Jerwin Ancajas retains junior bantamweight title with a draw against Alejandro Santiago

Ancajas retains title after fight finishes in draw (0:55)

Jerwin Ancajas' bout with Alejandro Santiago goes the distance and ends in a draw as Ancajas retains his junior bantamweight belt. (0:55)

Jerwin Ancajas retained his junior bantamweight belt for the sixth time but had to settle for a draw in a very competitive fight with Alejandro Santiago on the Top Rank Boxing on ESPN+ card Friday night at Oracle Arena in Oakland, California.

Fighting in the co-feature of the nontitle bout between super middleweight world titlist Jose Uzcategui and Ezequiel Maderna, Ancajas and Santiago fought a scrappy, action fight the judges saw entirely differently. One judge had it 116-112 for Ancajas, one scored it 118-111 for Santiago and one had 114-114. ESPN.com scored the fight 115-113 for Ancajas, who is co-promoted by his Filipino countryman and idol Manny Pacquiao.

Naturally, Ancajas and Santiago each thought he should have had his hand raised in victory.

"It was a good, entertaining fight. My timing was a little off. He was a little awkward," Ancajas said. "I felt like I pressed the fight and did enough to win. I still want all the champions at 115 [pounds]. Nothing has changed."

Said Santiago: "Everyone saw the fight, and everyone saw that I won the fight clearly."

Santiago (16-2-5, 7 KOs), 22, of Mexico, fighting in his first 12-round bout, gave a very spirited effort on a difficult day. His promoter, Hall of Famer Don Chargin, died earlier Friday at age 90.

But he and Ancajas put on just the kind of scrappy fight Chargin would have loved.

The action picked up late in the second round when they traded toe-to-toe with both men getting nailed with solid punches, one of which appeared to wobble Ancajas (30-1-2, 20 KOs), 26, just before the bell ended the round.

It was competitive all the way, with both fighters landing their share of shots, but it was Ancajas, who had swelling over his right eye late in the bout, who hit a little harder and landed a little cleaner than Santiago, who fought to a draw for the second consecutive fight. He also got his jab going in the second half of the fight.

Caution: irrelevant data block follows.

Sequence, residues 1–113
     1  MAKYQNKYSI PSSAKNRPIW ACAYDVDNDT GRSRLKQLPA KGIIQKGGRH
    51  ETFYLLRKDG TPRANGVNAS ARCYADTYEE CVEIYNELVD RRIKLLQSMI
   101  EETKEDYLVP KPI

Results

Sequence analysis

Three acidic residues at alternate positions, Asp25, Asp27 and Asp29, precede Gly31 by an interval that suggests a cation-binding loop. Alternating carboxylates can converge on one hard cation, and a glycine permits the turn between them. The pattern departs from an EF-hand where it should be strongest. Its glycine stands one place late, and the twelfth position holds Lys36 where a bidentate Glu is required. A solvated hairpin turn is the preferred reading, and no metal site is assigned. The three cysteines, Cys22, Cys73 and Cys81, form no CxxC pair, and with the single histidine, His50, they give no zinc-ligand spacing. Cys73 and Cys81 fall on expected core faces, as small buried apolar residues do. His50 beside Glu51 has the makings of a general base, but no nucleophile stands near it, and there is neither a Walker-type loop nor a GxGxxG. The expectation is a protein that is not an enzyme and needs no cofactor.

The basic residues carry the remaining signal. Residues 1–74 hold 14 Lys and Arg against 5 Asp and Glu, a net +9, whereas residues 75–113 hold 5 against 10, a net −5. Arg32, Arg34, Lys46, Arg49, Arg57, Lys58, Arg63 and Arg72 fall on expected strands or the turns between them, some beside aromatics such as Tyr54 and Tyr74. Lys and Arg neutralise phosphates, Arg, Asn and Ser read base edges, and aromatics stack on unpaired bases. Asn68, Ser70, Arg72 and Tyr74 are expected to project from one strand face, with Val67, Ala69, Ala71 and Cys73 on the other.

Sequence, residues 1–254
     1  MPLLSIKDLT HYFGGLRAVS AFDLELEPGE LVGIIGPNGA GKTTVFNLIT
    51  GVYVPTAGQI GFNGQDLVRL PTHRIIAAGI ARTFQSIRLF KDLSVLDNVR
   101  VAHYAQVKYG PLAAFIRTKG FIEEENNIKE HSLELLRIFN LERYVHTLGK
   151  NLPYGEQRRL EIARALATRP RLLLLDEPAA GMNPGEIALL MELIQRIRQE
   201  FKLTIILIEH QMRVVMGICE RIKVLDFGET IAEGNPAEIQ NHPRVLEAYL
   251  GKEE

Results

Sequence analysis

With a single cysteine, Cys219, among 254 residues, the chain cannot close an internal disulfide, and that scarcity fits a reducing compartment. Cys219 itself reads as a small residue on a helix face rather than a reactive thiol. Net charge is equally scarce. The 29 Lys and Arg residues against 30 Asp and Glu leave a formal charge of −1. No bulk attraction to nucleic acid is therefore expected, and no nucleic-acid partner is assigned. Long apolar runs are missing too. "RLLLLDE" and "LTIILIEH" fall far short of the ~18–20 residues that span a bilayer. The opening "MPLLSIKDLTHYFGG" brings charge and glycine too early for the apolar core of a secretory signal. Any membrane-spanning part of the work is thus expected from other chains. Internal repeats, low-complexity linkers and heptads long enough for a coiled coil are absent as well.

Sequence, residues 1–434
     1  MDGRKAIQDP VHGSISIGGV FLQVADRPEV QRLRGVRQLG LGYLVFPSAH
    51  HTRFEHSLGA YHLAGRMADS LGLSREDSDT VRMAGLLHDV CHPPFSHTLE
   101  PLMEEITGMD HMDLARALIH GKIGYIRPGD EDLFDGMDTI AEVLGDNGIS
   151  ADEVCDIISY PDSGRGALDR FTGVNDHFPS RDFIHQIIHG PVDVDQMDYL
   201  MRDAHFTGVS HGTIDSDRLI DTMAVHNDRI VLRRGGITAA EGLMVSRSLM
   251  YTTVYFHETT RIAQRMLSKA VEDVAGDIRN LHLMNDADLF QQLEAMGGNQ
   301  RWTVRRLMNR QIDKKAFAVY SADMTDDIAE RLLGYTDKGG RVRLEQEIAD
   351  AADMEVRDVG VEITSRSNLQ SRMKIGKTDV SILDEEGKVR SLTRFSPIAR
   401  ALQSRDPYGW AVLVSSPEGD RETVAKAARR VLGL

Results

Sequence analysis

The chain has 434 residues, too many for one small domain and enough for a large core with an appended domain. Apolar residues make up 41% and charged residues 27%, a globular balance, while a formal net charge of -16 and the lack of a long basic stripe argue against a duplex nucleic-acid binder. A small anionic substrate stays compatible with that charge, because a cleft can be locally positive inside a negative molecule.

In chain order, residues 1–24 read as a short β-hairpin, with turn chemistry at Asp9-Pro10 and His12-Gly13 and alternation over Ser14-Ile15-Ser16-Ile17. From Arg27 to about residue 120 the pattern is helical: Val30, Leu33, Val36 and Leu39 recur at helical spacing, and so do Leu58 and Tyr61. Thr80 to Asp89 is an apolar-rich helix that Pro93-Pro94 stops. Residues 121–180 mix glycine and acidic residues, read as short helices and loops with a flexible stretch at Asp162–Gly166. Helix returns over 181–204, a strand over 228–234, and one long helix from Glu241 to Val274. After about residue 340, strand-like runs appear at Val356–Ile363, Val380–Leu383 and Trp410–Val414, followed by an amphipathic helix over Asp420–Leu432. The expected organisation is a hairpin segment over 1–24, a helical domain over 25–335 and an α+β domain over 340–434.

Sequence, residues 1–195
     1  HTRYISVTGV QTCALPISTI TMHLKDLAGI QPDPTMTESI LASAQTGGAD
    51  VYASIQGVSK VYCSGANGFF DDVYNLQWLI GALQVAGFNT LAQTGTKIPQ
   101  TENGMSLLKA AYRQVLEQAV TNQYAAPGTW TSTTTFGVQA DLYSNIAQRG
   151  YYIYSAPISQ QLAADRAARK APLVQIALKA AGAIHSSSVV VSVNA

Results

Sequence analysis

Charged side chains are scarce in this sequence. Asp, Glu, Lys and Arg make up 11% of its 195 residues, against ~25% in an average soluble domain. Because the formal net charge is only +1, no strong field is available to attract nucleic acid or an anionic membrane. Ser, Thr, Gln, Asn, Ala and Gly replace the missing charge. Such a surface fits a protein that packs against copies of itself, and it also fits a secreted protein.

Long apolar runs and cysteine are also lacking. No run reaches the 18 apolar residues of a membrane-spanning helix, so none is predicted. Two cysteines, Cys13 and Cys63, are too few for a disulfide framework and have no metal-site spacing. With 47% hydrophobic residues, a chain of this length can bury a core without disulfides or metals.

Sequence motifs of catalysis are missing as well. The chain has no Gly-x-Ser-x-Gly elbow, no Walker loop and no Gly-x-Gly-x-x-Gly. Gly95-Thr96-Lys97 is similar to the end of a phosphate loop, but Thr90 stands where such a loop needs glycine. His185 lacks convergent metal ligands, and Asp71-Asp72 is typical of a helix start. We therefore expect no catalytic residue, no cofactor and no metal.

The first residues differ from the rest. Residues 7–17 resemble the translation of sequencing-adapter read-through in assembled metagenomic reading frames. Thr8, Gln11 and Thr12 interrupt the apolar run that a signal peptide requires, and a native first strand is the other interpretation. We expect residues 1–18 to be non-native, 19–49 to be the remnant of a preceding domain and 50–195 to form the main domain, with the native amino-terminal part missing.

The fight essentially came down to battle between the southpaw Ancajas' straight left hand and Santiago's overhand rights.

The CompuBox punch statistics illustrated just how close the fight was. Ancajas landed 127 of 589 blows (22 percent) and Santiago connected with 108 of 519 (21 percent).

Also on the undercard

  • Bantamweight Joshua "Don't Blink" Greer Jr. (17-2-1, 9 KOs), 24, of Chicago, had his first fight since signing with Top Rank and scored an explosive third-round knockout of Giovanni Delgado (16-8, 9 KOs), 27, of Mexico. Greer unloaded more than a dozen unanswered punches, including several clean right hands to the head, that had Delgado out on his feet before referee Dan Stell jumped in to stop the bout at 1 minute, 49 seconds.

    "I came here to make a statement, and I did," Greer said. "Nobody has ever stopped him that fast. I'm ready for anyone at 118 pounds. I'm the best. Watch out because 'Don't Blink' is coming!"

  • Filipino featherweight contender Genesis Servania (32-1, 15 KOs), 27, won his third fight in a row since a decision loss to world titlist Oscar Valdez in a slugfest last September. Servania knocked out Carlos Carlson (23-5, 14 KOs), 28, of Mexico, with a counter right hand that dropped him for the full count from referee Marcos Rosales at 44 seconds of the third round.

    "I am ready for any of the champions at 122 pounds," said Servania, who is looking to move down in weight. "I'll fight [Isaac] Dogboe, [TJ] Doheny, [Rey] Vargas. Any of the champions. I am ready to go."

  • Featherweight Rico Ramos (30-5, 14 KOs), a 31-year-old former junior featherweight world titlist from Pico Rivera, California, won his sixth fight in a row as he cruised to an 80-71 decision on all three scorecards against Daniel Olea (13-6-2, 5 KOs), 24, of Mexico, whom he knocked down in the first round. Ramos was supposed to fight former junior featherweight titlist Jessie Magdaleno, but he pulled out of the fight and Ramos wound up with a downgrade in opponent.

  • Welterweight Askhat Ualikhanov (4-1, 2 KOs), 27, of Kazakhstan, won a unanimous decision over Angel Hernandez (13-11-2, 8 KOs), 27, of McAllen, Texas, by scores of 59-55, 58-56 and 58-56 in his first fight since signing with Top Rank.

    "Everything went well. It was a good experience," Ualikhanov said. "Hernandez was a tough guy who made me work hard every single round."

  • Super middleweight prospect Janibek Alimkhanuly (4-0, 1 KO), 25, a 2016 Olympian from Kazakhstan, routed Carlos Galvan (16-8-1, 15 KOs), 27, of Colombia. In his first fight since signing with Top Rank, he won 60-54 on all three scorecards. "I felt very good in there. I'll be back soon and perform even better," he said.